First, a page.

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Onaiyekan, catholic leaders charge Buhari to stop herdsmen killings

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Fr Kukah officiating at the burial of the priests in Makurdi

The Catholic Archbishop of Abuja, John Cardinal Onaiyekan, on Tuesday in Abuja called on Nigerians to exercise patience irrespective of the barbaric killings by herdsmen in the country.

Onaiyekan made the call in an interview with newsmen following the nationwide peaceful protest by the Catholics and other Christians, for the slain priests and lay faithful in Mbalon, Benue.
The two Catholic priests, Rev. Fathers Joseph Gor and Felix Tyolaha, and 17 worshippers were killed on Tuesday, April 24 when herdsmen invaded St. Ignatius Quasi Parish, Ukpor-Mbalom in Ayar-Mbalom community of Gwer East Local Government Area (LGA) during Morning Mass.

The peaceful protest held in Abuja was tagged: “Peaceful March and Prayer for Nigeria’’.

He said that Christians should make it a duty to live in peace with everyone, adding that God Himself enjoins Christians to live and walk in peace.

“Our nation is dire in need of peace. The patience of those who speak peace and strive to live in peace is being over stretched every day.

“We must continue to work for peace with the support of the grace which comes to us every day from God.

“We who are Christians need to counter the evil intensions of those who desire a nation that is soaked in blood.

“The time has come for us to unite and to act as one people with a destiny, a focus and a programme of fulfilling the desires of our own people,’’ Onaiyekan said.

Mike Omeri, former Director-General, National Orientation Agency (NOA), advised the Federal Government to lead the way by having a dialogue with neighbouring countries to come up with diplomatic solutions.

Omeri said that Libya and Mali should be reached out to, in order to bring lasting solutions to the crisis in Nigeria.

“The government normally has number strategies to combat issues and we have to get involved.

“Time has come that the government should reach out to the government of Libya and Mali so that we will find diplomatic solutions to the crisis at home.

“We have been losing productive citizens in their primes. They can contribute positively in various ways to the development of this country and we cannot afford to be a nation that grieves every day,’’ Omeri said.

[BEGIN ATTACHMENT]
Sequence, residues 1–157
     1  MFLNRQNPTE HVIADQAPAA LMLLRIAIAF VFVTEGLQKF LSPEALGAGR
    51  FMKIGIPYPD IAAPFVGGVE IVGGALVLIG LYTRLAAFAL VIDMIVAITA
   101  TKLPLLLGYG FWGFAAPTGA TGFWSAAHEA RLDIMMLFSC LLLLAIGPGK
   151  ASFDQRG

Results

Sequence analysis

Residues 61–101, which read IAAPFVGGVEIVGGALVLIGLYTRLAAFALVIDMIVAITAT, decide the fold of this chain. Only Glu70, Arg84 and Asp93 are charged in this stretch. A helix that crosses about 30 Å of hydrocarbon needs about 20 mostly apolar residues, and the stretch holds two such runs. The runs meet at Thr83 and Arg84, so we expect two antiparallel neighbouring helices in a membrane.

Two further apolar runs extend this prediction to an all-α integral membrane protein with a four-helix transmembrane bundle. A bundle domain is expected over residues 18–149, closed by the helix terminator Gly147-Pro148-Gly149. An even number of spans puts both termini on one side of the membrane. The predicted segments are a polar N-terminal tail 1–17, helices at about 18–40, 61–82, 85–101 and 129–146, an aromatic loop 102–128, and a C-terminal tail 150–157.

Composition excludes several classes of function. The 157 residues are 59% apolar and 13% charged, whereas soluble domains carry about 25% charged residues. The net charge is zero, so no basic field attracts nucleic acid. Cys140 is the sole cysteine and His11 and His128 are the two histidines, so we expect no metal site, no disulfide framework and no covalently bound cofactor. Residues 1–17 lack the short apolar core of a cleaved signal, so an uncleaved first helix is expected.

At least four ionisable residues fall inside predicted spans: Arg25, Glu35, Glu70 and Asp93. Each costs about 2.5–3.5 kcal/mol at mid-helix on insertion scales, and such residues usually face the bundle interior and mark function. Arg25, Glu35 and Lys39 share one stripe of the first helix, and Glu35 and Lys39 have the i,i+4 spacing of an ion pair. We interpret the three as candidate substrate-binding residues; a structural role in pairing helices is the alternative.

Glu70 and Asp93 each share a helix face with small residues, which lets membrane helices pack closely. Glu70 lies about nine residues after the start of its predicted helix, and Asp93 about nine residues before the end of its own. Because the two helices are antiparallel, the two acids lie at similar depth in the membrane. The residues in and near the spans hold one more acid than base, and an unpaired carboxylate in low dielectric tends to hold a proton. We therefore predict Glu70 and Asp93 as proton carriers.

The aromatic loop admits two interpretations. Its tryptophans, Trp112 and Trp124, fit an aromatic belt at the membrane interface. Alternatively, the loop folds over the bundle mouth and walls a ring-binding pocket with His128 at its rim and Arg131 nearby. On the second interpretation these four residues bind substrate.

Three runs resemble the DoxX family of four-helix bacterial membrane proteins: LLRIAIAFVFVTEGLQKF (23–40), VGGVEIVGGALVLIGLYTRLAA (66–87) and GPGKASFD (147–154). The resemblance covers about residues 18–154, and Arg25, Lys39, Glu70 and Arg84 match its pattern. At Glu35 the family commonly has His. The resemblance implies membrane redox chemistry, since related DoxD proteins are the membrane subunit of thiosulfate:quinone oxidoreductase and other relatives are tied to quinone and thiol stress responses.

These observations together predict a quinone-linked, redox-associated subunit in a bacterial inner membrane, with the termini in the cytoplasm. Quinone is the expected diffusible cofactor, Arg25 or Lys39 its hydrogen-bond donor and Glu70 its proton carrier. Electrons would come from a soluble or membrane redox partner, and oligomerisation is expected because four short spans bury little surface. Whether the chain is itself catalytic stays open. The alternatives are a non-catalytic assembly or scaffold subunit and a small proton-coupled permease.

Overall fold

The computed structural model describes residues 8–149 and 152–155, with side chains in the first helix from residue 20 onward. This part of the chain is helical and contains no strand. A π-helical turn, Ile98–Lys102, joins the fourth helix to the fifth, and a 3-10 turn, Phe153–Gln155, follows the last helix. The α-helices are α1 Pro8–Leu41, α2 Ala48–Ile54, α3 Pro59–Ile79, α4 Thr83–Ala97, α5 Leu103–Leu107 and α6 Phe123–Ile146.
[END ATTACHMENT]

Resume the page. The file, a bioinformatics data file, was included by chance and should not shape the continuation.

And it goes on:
Rev Fr. Patrick Alumuku, Chairman Planning Committee, called on the Federal Government to get involved in bringing peace to the country.

Alumuku explained that without peace in the nation there would be no development, progress and future in the country.

“We intend to send a strong message to the nation that life is sacred and important; without life there will be no nation.

“What we have experienced in this nation is completely unacceptable, unjustifiable and it does not lead to good governance.

“As everybody is saying, ‘enough is enough’ I do not think these are strong words but to say that we cannot go on this way.

“We are calling for peace in Nigeria and we know that without peace there can be no meaningful development, progress and there can be no future, so we are praying for peace.

“We are expecting that peace will come to reign in our land. We want a stop to these killings,’’ Alumuku said.

Protestors in Benin City

Hundreds of Catholics across Nigeria on Tuesday staged peaceful protest in solidarity with the victims of attacks by suspected herdsmen in Benue and other States.

In Benin, tThe protesters, under different groups, marched through major roads in the metropolis, with many them carried placards with various inscriptions, as they prayed for an end to the killings, kidnapping and other forms of violence bedevilling the country.

They urged President Buhari to ensure justice for all Nigerians by taking urgent steps to rid the country of the spate of attacks by suspected herdsmen in several States.

The Chancellor of the archdiocese, Very Revd. Fr. Michael Oyanoafor, lamented that the level of violence in the country had deteriorated to a level that put the life of every Nigerian at risk.

“We are using the opportunity to say that life is sacred; nobody has the right to take a life. We are, therefore, saying no to killings, kidnapping, cultism and other vices.

“We are also saying no to terrorism. We are saying all these because, in different parts of the world, especially in Nigeria, no one is spared, (whether they are) Catholics, Christians, Muslims or worshippers of the Africa traditional religion.

“Inasmuch as the government is trying to some extent to see what it can do to cushion the situation, we are saying that many people are still dying. It should do more.

“We are telling the government to make every effort to arrest the situation so that the citizens can live in peace. It has the power, in terms of having control of the Nigeria Police and the military in different forms and capacity. We are saying that it should help out,” Oyanoafor said.